My plan this morning was to start working immediately after getting up and starting a pot of coffee. As usual, I distracted myself all weekend with gardening and homesteading—I made a loaf of bread in my new pullman loaf pan. I went to Home Depot and found containers on sale I plan to use for planting my chitted potatoes. I did 2 loads of laundry, cooked (made a free-range chicken stew with homemade chicken stock and homegrown cabbage), swished a couple of toilets, and other routine household chores. In short, I did everything but work.
The highlight, and I do mean highlight, of my weekend, though, was reading. My sister, Cori, sent me a book called "Farm City: The Education of an Urban Farmer" written by Novella Carpenter. I think it's the best gift she's ever given me and I know it's the best book I've read on urban homesteading. In short, it's the autobiographical tale of Novella's fascinating life journey of creating an urban homestead in the ghetto section of Oakland, California called Ghost Town. In an abandoned lot next to the apartment she rents, amid abandoned cars and homes, homeless people, gunshots, and poverty, she has created a thriving urban farm, complete with chickens, ducks, geese, turkeys, goats, rabbits, vegetables, and fruit, and she documents it all with hilarious, descriptive clarity.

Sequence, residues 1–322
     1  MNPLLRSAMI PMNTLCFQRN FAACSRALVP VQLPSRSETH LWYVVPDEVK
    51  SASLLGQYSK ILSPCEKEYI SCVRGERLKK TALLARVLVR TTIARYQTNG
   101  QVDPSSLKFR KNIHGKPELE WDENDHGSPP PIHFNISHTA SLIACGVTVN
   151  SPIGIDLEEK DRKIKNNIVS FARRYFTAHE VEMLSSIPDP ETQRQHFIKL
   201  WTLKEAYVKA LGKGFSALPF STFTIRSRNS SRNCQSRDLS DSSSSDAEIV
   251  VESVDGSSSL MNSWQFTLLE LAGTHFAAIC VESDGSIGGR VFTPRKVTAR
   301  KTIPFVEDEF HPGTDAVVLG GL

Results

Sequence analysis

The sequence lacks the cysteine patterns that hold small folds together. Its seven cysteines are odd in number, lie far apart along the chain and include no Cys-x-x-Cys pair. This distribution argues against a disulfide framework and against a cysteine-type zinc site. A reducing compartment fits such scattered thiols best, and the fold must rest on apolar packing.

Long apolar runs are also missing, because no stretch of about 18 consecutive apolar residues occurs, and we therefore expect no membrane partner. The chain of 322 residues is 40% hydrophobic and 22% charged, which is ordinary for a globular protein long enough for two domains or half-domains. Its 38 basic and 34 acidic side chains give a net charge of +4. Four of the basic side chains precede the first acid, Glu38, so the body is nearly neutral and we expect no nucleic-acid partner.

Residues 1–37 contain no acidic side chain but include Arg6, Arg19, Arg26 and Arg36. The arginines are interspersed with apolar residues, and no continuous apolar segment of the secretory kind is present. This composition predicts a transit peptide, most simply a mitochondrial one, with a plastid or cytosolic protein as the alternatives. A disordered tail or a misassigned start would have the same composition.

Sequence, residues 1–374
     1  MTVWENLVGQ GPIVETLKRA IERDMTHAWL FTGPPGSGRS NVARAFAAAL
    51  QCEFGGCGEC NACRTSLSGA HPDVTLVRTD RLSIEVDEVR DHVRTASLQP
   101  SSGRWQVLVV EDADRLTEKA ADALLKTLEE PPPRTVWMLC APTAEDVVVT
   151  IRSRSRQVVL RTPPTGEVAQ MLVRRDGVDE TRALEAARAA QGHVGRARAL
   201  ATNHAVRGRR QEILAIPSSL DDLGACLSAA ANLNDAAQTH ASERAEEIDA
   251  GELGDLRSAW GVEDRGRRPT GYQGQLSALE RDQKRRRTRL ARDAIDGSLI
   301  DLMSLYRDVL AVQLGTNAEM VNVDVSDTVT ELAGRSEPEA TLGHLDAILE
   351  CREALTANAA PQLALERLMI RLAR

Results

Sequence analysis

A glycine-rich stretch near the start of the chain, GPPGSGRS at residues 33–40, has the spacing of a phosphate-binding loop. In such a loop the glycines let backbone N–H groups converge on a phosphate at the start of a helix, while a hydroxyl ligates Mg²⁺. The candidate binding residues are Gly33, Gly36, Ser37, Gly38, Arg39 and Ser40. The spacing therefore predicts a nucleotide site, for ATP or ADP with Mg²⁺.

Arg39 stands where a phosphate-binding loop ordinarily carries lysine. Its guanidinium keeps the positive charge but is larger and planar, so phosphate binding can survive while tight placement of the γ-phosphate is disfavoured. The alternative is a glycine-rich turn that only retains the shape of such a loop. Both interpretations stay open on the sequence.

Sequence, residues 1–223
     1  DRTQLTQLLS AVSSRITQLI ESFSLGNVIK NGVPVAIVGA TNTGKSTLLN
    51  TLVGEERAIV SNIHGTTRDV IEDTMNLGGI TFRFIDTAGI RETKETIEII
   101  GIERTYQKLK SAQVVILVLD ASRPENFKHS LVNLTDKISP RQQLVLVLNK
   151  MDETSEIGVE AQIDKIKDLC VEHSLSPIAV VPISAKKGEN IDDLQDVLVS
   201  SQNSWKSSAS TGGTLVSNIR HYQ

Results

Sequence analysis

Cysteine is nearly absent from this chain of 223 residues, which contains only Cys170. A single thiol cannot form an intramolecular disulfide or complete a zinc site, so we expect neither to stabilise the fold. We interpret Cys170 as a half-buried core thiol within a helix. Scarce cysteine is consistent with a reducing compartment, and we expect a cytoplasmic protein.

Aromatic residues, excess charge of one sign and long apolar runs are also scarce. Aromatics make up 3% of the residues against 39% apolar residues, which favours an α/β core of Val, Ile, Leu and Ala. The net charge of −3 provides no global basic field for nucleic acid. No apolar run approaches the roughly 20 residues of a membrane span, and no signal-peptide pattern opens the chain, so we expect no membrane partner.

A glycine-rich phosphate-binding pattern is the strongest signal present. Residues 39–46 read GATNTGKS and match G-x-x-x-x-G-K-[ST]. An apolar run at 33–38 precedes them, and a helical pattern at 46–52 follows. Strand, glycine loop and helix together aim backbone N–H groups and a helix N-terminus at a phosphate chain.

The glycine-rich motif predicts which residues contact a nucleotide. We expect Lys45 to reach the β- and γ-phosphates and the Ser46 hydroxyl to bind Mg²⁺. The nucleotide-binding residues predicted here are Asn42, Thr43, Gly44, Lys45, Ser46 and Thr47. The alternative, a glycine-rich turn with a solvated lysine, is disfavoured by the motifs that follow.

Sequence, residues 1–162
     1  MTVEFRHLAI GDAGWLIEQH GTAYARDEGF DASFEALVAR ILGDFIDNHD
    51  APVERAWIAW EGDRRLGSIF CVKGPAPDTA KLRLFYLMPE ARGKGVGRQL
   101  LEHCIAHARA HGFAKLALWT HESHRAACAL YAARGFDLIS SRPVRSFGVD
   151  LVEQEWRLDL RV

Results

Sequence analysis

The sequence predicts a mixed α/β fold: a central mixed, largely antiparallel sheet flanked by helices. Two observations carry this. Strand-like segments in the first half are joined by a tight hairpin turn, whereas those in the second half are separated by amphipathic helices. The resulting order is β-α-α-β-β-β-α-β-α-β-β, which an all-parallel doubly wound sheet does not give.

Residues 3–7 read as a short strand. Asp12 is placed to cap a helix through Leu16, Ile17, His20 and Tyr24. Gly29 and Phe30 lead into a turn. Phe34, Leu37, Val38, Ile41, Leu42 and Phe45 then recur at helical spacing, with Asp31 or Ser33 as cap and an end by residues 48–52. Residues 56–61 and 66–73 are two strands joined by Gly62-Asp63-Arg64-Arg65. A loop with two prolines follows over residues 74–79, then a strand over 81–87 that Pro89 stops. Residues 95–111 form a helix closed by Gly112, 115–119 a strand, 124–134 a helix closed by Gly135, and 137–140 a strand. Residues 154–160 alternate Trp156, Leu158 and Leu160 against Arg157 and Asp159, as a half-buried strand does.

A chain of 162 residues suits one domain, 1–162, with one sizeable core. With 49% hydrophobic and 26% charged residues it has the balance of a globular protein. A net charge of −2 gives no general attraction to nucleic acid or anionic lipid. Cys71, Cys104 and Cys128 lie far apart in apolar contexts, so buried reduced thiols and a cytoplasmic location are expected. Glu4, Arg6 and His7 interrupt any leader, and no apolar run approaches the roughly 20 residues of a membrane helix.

I haven't even finished reading it, but all I can say is it's a must-read for anyone interested in urban homesteading. Heck, it's a must read for anyone who enjoys reading.
A video interview with Novella Carpenter:
I can't wait to finish reading it!